Last Updated on August 14, 2020
Yesterday morning I decided it was time to brave a trip to the grocery store. We still had enough food for a week or two, but given the news lately I knew I’d kick myself later if I didn’t try to stash a few more non-perishables. I rationalized that an early morning, middle of the week trip would be perfect to avoid the crowds, participate in social distancing, and allow the grocers enough time to restock after the weekend. Surprise, surprise – I was wrong on all counts.
Nevertheless, I went in bravely, sanitizer in hand. While I had a few specific items in mind, the intent was mostly to choose foods with a long shelf life. But what did I actually do? I glanced down every aisle, and if it was full, I kept walking past. If it looked empty, down the aisle I went. I had to see for myself what was so important in those empty aisles that everyone cleared out. That’s the allure of scarcity.
I know this is not front page news. For weeks, grocery stores have been running on skeletal crews that can’t keep up with demand. People are hoarding non-perishables and stockpiling the harshest chemical versions of cleaning materials that they can get their hands on. I’m always a fan of creativity, but there’s something to be said when Tito’s had to issue a press release to discourage people from using vodka as hand sanitizer.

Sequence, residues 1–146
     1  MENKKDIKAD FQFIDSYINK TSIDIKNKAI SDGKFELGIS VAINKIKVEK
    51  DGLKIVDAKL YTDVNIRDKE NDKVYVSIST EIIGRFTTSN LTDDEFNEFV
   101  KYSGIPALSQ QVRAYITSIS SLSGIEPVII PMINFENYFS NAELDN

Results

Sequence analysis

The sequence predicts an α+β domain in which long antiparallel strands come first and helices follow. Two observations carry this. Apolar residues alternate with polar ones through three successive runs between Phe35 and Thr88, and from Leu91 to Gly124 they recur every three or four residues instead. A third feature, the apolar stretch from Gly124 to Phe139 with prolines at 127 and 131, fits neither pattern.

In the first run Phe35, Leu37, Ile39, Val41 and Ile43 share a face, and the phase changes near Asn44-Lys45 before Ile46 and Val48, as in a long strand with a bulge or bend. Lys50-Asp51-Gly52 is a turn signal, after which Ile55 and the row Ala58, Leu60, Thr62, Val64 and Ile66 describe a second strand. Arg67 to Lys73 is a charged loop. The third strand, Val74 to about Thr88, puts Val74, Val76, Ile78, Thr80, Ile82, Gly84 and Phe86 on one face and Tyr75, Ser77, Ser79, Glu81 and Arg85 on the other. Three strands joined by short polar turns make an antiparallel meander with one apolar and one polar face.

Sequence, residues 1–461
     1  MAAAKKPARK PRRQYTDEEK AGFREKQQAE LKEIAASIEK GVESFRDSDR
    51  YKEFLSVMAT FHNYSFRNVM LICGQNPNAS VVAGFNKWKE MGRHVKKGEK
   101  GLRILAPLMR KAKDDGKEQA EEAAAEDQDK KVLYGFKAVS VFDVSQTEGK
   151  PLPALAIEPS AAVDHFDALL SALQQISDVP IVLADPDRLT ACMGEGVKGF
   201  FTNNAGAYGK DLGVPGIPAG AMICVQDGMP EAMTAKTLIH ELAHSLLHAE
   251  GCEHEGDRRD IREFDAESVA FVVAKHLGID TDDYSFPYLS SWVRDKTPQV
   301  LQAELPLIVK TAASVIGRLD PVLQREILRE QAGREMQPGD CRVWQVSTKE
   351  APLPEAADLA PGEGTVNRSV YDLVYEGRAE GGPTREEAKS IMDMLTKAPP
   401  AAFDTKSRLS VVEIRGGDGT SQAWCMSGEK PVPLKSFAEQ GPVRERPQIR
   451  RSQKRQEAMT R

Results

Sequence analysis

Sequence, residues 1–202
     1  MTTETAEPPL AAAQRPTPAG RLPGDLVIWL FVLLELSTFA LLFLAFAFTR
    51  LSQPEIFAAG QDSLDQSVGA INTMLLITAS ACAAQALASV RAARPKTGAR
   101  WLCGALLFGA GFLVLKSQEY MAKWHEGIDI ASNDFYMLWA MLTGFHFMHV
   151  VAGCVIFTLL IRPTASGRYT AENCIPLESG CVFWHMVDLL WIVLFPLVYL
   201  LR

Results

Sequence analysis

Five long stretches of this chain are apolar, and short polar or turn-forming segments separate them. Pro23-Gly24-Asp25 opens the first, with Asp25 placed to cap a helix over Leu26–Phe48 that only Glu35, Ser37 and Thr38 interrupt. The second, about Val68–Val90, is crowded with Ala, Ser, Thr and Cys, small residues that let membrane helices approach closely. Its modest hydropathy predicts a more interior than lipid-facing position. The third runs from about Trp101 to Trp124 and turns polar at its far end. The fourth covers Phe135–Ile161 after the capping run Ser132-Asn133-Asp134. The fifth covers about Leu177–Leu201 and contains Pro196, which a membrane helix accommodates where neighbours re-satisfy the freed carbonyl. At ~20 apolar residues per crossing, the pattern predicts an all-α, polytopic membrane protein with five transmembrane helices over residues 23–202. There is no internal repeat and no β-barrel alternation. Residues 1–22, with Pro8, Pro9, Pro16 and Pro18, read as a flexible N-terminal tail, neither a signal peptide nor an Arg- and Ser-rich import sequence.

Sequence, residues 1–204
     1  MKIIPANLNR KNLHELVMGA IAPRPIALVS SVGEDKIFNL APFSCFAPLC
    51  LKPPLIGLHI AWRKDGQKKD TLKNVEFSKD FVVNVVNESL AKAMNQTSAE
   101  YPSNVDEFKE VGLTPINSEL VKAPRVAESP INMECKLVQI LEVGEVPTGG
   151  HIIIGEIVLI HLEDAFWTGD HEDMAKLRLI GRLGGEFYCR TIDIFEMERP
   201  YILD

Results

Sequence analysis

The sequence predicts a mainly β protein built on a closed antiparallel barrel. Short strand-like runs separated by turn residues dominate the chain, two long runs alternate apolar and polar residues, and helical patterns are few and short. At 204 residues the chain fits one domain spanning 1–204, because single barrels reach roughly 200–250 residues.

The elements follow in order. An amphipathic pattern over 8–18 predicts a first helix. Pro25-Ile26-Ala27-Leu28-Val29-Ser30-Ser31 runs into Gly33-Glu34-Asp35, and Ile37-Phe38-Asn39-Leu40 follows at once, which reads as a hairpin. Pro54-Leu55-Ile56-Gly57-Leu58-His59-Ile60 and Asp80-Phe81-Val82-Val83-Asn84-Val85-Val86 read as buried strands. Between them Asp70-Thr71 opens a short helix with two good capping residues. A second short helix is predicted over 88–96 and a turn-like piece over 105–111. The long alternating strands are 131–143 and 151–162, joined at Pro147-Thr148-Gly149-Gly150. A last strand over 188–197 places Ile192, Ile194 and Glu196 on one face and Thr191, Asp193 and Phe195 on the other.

For the entire rest of the day, I kept wondering why I was drawn to walk down these bare aisles to see what all the fuss was about. Stick with me for a moment. The pasta aisle makes sense. The soup aisle makes sense. No further explanation needed. But, toilet paper? If anyone can explain to me why toilet paper has become the new currency of 2020, I would be forever grateful. If (the virus that shall not be named) gave you the runs, I might understand. But, so far as I know, that’s one of the few symptoms that it isn’t known for.
The allure of scarcity & tunnel vision
I wasn’t the only one walking down those empty aisles either. In fact, there were a lot of people doing the same exact thing. Gone were the woes of social distancing – we were all too curious. So, why is it that human beings are drawn to scarcity? At least in the context of toilet paper, much of this is certainly due to the simple bandwagon effect. If a new “run on toilet paper” article didn’t show up on your news feed every few hours, you wouldn’t know toilet paper was in high demand, and therefore have the urge to jump on the bandwagon. But there’s more to it than that. Simply put, scarcity has the psychological effect of giving people tunnel vision. It makes things seem more desirable and more valuable, while simultaneously acting as an increasing barrier to our attainment. And that makes us want it all the more.
If you think about this in the larger scheme of life, that’s how we all want to be seen. We want to be uniquely valuable and sought after for the individual skills and expertise that only we possess. We want to be more desirable and more valuable such that employers will seek us out. I hope you’re reading this and thinking through what particular skills you have to offer that make you distinctly different. The truth is that no one can really tell you what it is about you that makes you valuable. You have to figure that out all on your own.
Don’t google “unique skills to include on my resume”. Don’t do it. Because if you do, you will see a generic list of things like: